Walsingham has been a place of pilgrimage for centuries. The shrine is for everyone - every person, every age, every outlook, every need.
Lady Richeldis de Faverches was a Saxon noblewoman, married to the Lord of the Manor of Walsingham Parva. He died leaving her a young widow with a son, Geoffroy.
In 1061, Richeldis was rewarded by her life of prayer and good works. She was taken in spirit to Nazareth and asked by Our Lady to build a replica, in Norfolk, of the Holy House of the Annunciation.
This was done. And the Holy House attracted large gatherings of pilgrims, in an atmosphere of holiness and prayer.
Geoffroy built a Priory for the Augustinian Canons beside the Holy House in 1150. The pilgrimage developed and chapels were built on the way to Walshingham. The last chapel, the closest, is the Slipper Chapel. Many pilgrims stopped and removed their shoes (or slippers) before walking the last mile barefoot.
A never-forgotten Shrine, rescued after 400 years of abandon
King Henry III was the first monarch to visit the shrine. Many kings and queens came several times during their reigns. Edward I is recorded as coming 11 times. The last king to visit was Henry VIII. The Shrine and the Priory Church were destroyed in 1538, after King Henry VIII had broken communion with Rome when the Pope refused to bless his new marriage cancelling the previous one. In the course of time, the Slipper Chapel was used as a barn, a cow byre and a workhouse.
Anglicans and Catholics gather together around the House of Nazareth
In 1896, Charlotte Boyd, a former Protestant converted to Catholicism, bought the Slipper Chapel and gave it to Downside Abbey. In 1897 Pope Leo XIII re-founded the Ancient Shrine of Our Lady of Walsingham in King's Lynn. In 1922, the statue Our Lady of Walsingham was enshrined in the Anglican Parish Church.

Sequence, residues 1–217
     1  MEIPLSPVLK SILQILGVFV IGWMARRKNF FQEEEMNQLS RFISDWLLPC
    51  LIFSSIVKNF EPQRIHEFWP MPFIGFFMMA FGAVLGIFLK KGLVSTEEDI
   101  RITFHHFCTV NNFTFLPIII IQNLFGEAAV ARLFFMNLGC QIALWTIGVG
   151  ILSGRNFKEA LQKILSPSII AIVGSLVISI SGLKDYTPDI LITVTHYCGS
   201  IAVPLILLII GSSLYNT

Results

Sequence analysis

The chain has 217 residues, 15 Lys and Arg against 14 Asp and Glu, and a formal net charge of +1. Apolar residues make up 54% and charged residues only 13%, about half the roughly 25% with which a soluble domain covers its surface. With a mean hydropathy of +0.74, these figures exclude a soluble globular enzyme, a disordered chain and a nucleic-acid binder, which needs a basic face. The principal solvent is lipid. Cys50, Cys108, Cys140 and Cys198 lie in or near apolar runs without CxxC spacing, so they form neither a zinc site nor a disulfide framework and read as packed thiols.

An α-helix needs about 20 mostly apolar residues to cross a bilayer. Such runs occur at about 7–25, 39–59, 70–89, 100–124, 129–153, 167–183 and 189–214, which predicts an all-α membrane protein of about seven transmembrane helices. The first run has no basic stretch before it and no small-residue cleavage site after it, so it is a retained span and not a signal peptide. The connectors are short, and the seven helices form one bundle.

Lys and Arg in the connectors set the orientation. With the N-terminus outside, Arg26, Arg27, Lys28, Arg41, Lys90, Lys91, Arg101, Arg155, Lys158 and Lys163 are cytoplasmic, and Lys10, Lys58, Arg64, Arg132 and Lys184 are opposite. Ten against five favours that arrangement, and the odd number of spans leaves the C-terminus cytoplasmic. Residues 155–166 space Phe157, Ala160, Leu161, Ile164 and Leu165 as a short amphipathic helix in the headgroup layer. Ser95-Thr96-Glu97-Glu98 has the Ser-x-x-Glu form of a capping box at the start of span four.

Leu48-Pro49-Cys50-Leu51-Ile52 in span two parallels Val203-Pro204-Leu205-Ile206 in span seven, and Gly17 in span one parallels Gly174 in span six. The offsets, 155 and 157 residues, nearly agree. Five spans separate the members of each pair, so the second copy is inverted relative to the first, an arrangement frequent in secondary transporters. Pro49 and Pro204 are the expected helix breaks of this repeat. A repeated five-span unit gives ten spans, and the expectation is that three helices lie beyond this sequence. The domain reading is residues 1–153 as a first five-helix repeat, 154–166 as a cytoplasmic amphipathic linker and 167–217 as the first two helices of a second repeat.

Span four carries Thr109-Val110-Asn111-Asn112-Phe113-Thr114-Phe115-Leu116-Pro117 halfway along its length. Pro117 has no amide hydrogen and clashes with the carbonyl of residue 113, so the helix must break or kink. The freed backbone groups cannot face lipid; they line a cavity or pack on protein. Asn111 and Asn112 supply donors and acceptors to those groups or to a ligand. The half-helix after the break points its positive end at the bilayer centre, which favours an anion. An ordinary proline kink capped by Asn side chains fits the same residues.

On August 15, 1934, Mass was said in the Slipper Chapel. Four days later, Cardinal Bourne (Catholic) led a pilgrimage of 10,000 people and declared the Slipper Chapel the Roman Catholic National Shrine of Our Lady. In 1938 the Slipper Chapel and the Holy Spirit Chapel were consecrated by Bishop Youens of Northampton. In 1950, a temporary Catholic Church dedicated to the Annunciation was built in Walsingham. Before a crowd, variously estimated between 10,000 and 20,000 the Papal Delegate, Archbishop O'Hara crowned the new Statue of Our Lady of Walsingham on August 15, 1954. In 1968 The Catholic Shrine was entrusted to the Marist Fathers.
Currently the "House of Nazareth" is a place of reconciliation between Catholics and Anglicans:
In 1982 the Statue of Our Lady of Walsingham was taken to Wemblay to be venerated by Pope John Paul II. During his British visit, the pope gave a series of homilies on the Sacraments, the cornerstones of our Christian Life. In his homily on Baptism (May 29, 1982) the Holy Father made reference to Our Lady of Walsingham:
Our society needs to recover a sense of God's loving presence, and a renewed sense of respect for his will.
Let us learn this from Mary our Mother. In England, "the Dowry of Mary", the faithful, for centuries, have made pilgrimage to her shrine at Walsingham. Today Walsingham comes to Wembley, and the statue of Our Lady of Walsingham, present here, lifts our minds to meditate on our Mother. She obeyed the will of God fearlessly and gave birth to the Son of God by the power of the Holy Spirit. Faithful at the foot of the Cross, she then waited in prayer for the Holy Spirit to descend on the infant Church.
It is Mary who will teach us how to be silent, how to listen for the voice of God in the midst of a busy and noisy world. It is Mary who will help us to find time for prayer. Through the Rosary, that great Gospel prayer, she will help us to know Christ. We need to live as she did, in the presence of God, raising our minds and hearts to him in our daily activities and worries.